SQLXML : How To Save XML Query Results to a File Using BCP

One way to save your XML query results to the file system is by using bcp (bulk copy program).

Be aware of the following before deciding to use bcp for your regular export requirements:

  • bcp is a program external to SSMS. If you need to use this from within your scripts, you will need to enable xp_cmdshell. xp_cmdshell is an extended stored procedure that allows external command line processes to be executed from within SQL Server. Enabling xp_cmdshell is considered to be a big no no in terms of security because this opens up avenues for malicious attacks through SQL Server.
  • Depending on how much data you need to export, you may need to batch your export to overcome rowsize limitations of bcp.

If you intend to use bcp from within SSMS, you will need to enable xp_cmdshell first, otherwise you will get the following error:

Msg 15281, Level 16, State 1, Procedure xp_cmdshell, Line 1 SQL Server blocked access to procedure ‘sys.xp_cmdshell’ of component ‘xp_cmdshell’ because this component is turned off as part of the security configuration for this server. A system administrator can enable the use of ‘xp_cmdshell’ by using sp_configure. For more information about enabling ‘xp_cmdshell’, see “Surface Area Configuration” in SQL Server Books Online.

The following example walks you through enabling xp_cmdshell, and using bcp from within SSMS to save your XML query to an external file.

   1: USE AdventureWorks
   2: GO
   4: -- --------------------------------------------------------
   5: -- Enable xp_cmdshell
   6: -- --------------------------------------------------------
   8: -- Allow advanced options to be changed.
   9: EXEC sp_configure 'show advanced options', 1
  10: GO
  12: -- Update the currently configured value for advanced options.
  14: GO
  16: -- Enable xp_cmdshell
  17: EXEC sp_configure 'xp_cmdshell', 1
  18: GO
  20: -- Update the currently configured value for xp_cmdshell
  22: GO
  24: -- Disallow further advanced options to be changed.
  25: EXEC sp_configure 'show advanced options', 0
  26: GO
  28: -- Update the currently configured value for advanced options.
  30: GO
  33: -- --------------------------------------------------------
  34: -- Sample export via bcp
  35: -- --------------------------------------------------------
  36: DECLARE @FileName VARCHAR(50)
  37: DECLARE @SQLCmd   VARCHAR(500)
  39: SELECT  @FileName = 'C:TempSampleXMLOutput.xml'
  41: -- in this command, we are making sure there is only one ROOT node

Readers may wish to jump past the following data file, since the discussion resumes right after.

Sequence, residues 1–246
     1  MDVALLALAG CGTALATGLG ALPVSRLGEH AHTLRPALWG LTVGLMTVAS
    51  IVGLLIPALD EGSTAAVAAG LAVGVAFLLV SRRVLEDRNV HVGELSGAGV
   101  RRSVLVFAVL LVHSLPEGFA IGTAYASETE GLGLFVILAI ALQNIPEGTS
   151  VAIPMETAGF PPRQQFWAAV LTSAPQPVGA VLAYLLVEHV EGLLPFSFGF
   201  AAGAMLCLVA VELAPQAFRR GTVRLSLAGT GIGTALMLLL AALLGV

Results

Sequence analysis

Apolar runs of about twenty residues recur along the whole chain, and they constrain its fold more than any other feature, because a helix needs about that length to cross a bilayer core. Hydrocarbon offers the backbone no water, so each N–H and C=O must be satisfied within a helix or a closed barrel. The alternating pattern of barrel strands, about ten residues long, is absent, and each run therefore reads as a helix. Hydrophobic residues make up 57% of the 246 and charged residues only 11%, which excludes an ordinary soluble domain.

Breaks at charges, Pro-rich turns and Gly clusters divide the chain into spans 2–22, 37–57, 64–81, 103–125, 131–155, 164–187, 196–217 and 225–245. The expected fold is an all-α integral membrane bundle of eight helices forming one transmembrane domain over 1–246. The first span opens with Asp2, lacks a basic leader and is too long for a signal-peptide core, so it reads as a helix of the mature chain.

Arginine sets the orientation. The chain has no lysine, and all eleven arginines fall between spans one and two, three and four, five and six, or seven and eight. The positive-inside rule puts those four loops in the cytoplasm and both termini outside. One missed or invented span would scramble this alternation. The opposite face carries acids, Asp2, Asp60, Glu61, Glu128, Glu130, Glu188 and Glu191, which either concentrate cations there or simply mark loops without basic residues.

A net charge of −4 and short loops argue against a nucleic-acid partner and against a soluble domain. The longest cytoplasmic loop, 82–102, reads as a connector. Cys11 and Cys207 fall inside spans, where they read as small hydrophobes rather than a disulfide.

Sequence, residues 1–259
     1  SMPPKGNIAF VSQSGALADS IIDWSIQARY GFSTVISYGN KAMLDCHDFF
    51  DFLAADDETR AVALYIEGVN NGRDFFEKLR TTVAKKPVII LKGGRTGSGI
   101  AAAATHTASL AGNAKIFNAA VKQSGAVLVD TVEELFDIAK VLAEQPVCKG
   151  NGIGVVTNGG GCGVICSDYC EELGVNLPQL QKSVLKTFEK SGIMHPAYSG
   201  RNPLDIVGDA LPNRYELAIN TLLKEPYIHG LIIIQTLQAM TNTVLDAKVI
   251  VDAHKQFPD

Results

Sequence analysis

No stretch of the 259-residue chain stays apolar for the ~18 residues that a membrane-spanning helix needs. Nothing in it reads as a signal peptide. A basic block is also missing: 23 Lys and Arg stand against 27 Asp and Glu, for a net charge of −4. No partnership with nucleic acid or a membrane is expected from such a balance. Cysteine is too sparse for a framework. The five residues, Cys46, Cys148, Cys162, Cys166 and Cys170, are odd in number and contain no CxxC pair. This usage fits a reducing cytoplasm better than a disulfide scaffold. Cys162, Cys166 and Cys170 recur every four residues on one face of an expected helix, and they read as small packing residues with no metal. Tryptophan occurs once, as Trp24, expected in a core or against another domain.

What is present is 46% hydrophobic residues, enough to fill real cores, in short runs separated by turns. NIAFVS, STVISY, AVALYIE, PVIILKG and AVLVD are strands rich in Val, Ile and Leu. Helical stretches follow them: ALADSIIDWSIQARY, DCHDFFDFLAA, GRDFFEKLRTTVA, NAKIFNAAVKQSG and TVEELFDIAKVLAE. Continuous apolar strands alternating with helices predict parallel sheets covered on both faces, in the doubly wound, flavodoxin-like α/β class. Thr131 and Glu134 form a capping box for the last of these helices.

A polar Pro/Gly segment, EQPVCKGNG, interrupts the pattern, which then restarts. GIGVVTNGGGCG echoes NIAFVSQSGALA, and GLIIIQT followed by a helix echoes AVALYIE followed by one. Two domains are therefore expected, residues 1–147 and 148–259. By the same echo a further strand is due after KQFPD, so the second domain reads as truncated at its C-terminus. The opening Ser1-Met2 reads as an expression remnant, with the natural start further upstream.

42: SELECT  @SQLCmd = 'bcp ' +
  43:                         '"SELECT Resume  ' +
  44:                         ' FROM AdventureWorks.HumanResources.JobCandidate ' +
  45:                         ' FOR XML PATH(''''), ROOT(''HRResumes''), TYPE "' +
  46:                   ' queryout '  +
  47:                   @FileName +
  48:                   ' -w -T -S' + @@SERVERNAME
  50: -- display command, for visual  check
  51: SELECT @SQLCmd AS 'Command to execute'
  53: -- create the XML file
  54: EXECUTE master..xp_cmdshell @SQLCmd

11 thoughts on “SQLXML : How To Save XML Query Results to a File Using BCP

  1. Sergei April 23, 2009 / 4:21 pm

    Thank you! It is very useful (at least to me).


  2. John May 29, 2009 / 11:33 am

    Less is more. Besides being short, sweet, and very elegant I use the little script in processing my XML almost every day.

    Keep it up Belle!


    • belle May 29, 2009 / 11:55 am

      Thanks John! 🙂 Happy to hear that!


  3. emime July 2, 2009 / 9:01 am

    Thanks, it’s useful and worked for me.
    Just a note:
    * the -S option is required only in case of remote execution of bpc. I had to cut it.
    * VARCHAR(500) may be too much limiting


  4. emime July 3, 2009 / 2:13 am

    I want to add a very important note. With bigger result sets I got a line brakes (and consequently the stored xml corrupted). The only thing that solved the problem was to add the options -r -t without argument. This instructs bps to override newline (default n) and tab (default t) with a null character (that is your final xml will not have line brakes or tabs but will be well formed!!!).
    Furthermore, you can use batch to fix the limit size. Here the final instruction fragment for the bcp I used:

    SELECT @SQLCmd = 'bcp ... queryout ... -w -r -t -b 4000'


  5. Andrew July 16, 2009 / 7:35 pm

    This is very cool … thanks so much for posting this.


  6. Lydia May 20, 2010 / 8:44 am

    I got error:
    Error = [Microsoft][SQL Native Client][SQL Server]Login failed for user ‘NT AUTHORITYSYSTEM’.
    I checked the DB , it has user ‘NT AUTHORITYSYSTEM’


  7. Shawn in NC February 24, 2011 / 2:58 pm

    Thanks, Belle! I had everything going right, could read the XML in SSMS but not a browser. Needed the little word ‘TYPE’. Your example saved my day, but I still need to go back and learn what in the world ‘TYPE’ had to do with my XML failing.


  8. Sean May 6, 2011 / 3:48 am

    The output from mine returned the following and did not create the file, as expected.

    Starting copy…
    1 rows copied.
    Network packet size (bytes): 4096
    Clock Time (ms.) Total : 1 Average : (1000.00 rows per sec.)

    The BCP line reads as follows:

    bcp “SELECT * FROM mytable FOR XML PATH(”), ROOT(‘DATA’), TYPE ” queryout C:datatest1.xml -w -T -Smyserver

    I executed the query part which produced valid XML



  9. Akash December 8, 2012 / 6:14 am

    file is not saving in .xml format
    i am getting record in this way.



  10. Ron Fowler January 22, 2013 / 8:57 am

    Many thanks! I’ve been beating my head against a stone
    wall for three days, but this post just solved my problems.


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